The quest to speed up the introduction of new drugs and cures moved to the Senate on Tuesday. But a committee meeting that began with senators agreeing on the need for cures to progress more quickly turned into a Democratic defense of the Food and Drug Administration and the National Institutes of Health.
Sen. Lamar Alexander (R-Tenn.), who chairs the Senate Health, Education, Labor and Pensions Committee, positioned the committee hearing as the beginning of a yearlong process to produce Senate legislation to complement ongoing efforts in other parts of government. Dr. Francis Collins, director of the National Institutes of Health, and outgoing FDA commissioner Dr. Margaret Hamburg appeared at the hearing.
The House is currently working on its 21st Century Cures package, which has a number of bills intended to stimulate medical innovation through deregulation and policy changes. Meanwhile, the administration is touting President Barack Obama's precision medicine initiative.
The committee has formed a working group intended to coordinate their efforts toward producing a bill, Alexander said.
While Alexander was careful to state that the hearing “is not just about FDA,” Hamburg and some Democratic committee members defended the agency anyway.
Sen. Elizabeth Warren (D-Mass.) said that the Legislature was playing a "dangerous game" if it wanted to curtail the FDA's capabilities or lower FDA standards of review.
Hamburg touted the agency's efforts in approving new drugs, stating that 2014 was a 20-year high in new drug approvals, for example. As such, she warned against making an incorrect diagnosis that blamed the FDA for slowness in drug approvals. Hamburg also advocated for increased funding flowing to the agency, which would allow it to hire more quality scientists.
“Lowering FDA's standards will not increase innovation,” Warren said. Lowering or removing standards might result in a flood of unsafe new products. “The goal isn't new products—we don't want another Vioxx—but the goal is innovative products.”
Instead, Warren favors increasing the NIH's budget, which virtually all hearing participants agreed was too low. The lack of new funding for NIH was an obstacle leading to House Democrats' withdrawal of support from the 21st Century Cures legislative package in January.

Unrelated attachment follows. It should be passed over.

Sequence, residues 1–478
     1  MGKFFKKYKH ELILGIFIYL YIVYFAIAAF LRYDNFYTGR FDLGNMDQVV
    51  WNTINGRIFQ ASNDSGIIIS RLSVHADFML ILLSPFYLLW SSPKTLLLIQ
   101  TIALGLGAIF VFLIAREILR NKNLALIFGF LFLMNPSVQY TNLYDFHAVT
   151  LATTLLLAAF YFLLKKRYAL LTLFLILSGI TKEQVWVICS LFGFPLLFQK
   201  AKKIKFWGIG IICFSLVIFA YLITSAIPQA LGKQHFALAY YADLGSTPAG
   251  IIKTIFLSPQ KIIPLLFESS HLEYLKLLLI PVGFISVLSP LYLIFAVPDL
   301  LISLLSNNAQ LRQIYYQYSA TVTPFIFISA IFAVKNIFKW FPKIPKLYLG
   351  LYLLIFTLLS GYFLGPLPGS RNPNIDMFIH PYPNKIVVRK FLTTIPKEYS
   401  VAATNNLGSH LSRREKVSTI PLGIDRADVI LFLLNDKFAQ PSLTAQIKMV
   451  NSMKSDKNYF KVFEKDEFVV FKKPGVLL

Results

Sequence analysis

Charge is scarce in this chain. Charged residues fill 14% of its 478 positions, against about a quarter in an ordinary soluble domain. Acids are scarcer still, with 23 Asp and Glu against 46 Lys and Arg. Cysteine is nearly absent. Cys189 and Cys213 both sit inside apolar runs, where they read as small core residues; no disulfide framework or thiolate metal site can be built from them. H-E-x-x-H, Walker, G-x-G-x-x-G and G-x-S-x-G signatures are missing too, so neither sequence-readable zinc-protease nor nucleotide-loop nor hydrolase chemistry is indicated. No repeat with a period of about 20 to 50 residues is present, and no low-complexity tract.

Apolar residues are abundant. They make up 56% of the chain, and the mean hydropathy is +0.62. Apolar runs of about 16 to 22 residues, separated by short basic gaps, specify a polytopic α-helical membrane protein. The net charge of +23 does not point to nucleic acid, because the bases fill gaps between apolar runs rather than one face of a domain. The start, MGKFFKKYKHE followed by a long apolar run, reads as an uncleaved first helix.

Collins, meanwhile, was pressed mostly on administrative burdens that medical researchers are yoked to. Alexander cited a study by the National Academies of Sciences stating that 42% of researchers' time is spent on administrative tasks, and asked what the agency was doing, or could be doing, to ease those burdens.
In response, Collins pointed out that his agency had standardized the biography forms that scientists were expected to submit with applications.
Hamburg defended her agency's performance regarding duodendoscope safety. Issues with cleaning the scopes have contributed to outbreaks of antibiotic-resistant bacteria.
She stated that it wasn't until late 2013 that the agency discovered an outbreak emerging from a duodendoscope that had been properly cleaned. Previously, only isolated adverse event reports had emerged, and agency investigations suggested that cleaning procedures had not been followed in those instances.
The agency had previously publicly discussed issues with cleaning the surgical tools, including during a June 2011 workshop.
Still, Hamburg said, the agency was pressing forward to understand what to do about the problem and would hold an advisory panel meeting on the subject.
Follow Darius Tahir on Twitter: @dariustahir